Hawaii and other islands in this region of the Pacific are impacted by the increasing frequency and severity of hurricanes, tsunamis, and other natural disasters due to global warming. The rural communities of Hawaii are highly vulnerable to the effects of these natural disasters because of their reliance on imports for up to 90 percent of their food and energy.[25] The annexation of Hawaii by the United States in 1898 followed by the overthrow of the last Hawaiian ruler, Queen Lili’uokalani, undermined Native Hawaii’s agricultural capacities. Food forests were clear cut to make way for huge plantations of monocrops such as sugarcane and pineapple. Today, plantation monocropping is decreasing and small-scale diversified farming is on the rise. According to Kamuela Eno, director of the Office of Indigenous Innovation at the University of Hawaii, the community is now “primed to embrace local farming, and further, Native Hawaiian practices that prospered on these lands many years ago.”[26] 

24. Olohana Foundation[^]

25. Hawaii. Inhabitants Website. [^]

26. Yoohyun Jung, “Hawaii Has a Lot of Agricultural Land. Very Little of It Is Used for Growing Food.” Honolulu Civil Beat, February 14, 2021. [^]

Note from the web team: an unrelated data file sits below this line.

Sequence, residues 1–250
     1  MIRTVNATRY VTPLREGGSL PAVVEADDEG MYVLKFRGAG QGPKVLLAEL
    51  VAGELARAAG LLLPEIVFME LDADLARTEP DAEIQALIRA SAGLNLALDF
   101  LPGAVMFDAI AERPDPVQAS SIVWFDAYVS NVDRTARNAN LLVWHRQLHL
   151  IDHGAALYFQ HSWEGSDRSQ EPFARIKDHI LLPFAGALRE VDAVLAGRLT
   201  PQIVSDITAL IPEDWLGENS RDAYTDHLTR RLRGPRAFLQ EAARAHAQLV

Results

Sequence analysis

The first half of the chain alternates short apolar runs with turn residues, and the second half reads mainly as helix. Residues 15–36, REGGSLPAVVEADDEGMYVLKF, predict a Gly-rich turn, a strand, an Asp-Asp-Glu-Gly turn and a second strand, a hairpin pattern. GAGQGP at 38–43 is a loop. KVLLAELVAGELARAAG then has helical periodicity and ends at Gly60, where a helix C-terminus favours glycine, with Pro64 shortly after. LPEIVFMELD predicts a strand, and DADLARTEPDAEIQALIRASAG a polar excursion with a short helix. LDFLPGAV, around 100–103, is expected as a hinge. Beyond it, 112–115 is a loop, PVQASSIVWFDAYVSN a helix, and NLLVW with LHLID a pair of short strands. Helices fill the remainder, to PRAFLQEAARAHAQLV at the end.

Setting the Stage: Lesson Introduction

Engage students with this exercise before introducing the story. Share with students the words Native, Indigenous, and Native American are used throughout this lesson and are interchangeable terms.

  1. Share with students that for thousands of years, Native communities have held relationships with the natural world that have informed cultural traditions and practices.

  2. Share the following common threads of Native science, also shared in the Background section:

    • “Reciprocity and respect define the bond between all members of the land family.”
    • “Reverence toward nature plays a critical role in religious ceremonies, hunting rituals, arts and crafts, agricultural techniques, and other day to day activities.”  
    • “One’s relationship to the land is shaped by something other than economic profit.” 
    • “Each generation has a responsibility to leave a healthy world to future generations.”
  3. Explain that the lands that Indigenous and Native people inhabit today are home to 80 percent of the world’s remaining biodiversity. Ask students: Do you know which Indigenous people are the original stewards of the land you live on? Go to Native Land Digital, and type in your address to learn the Indigenous tribe and territory of the land you live on. Use the resources on Native Land Digital to learn more. Ask students to share their findings with the class.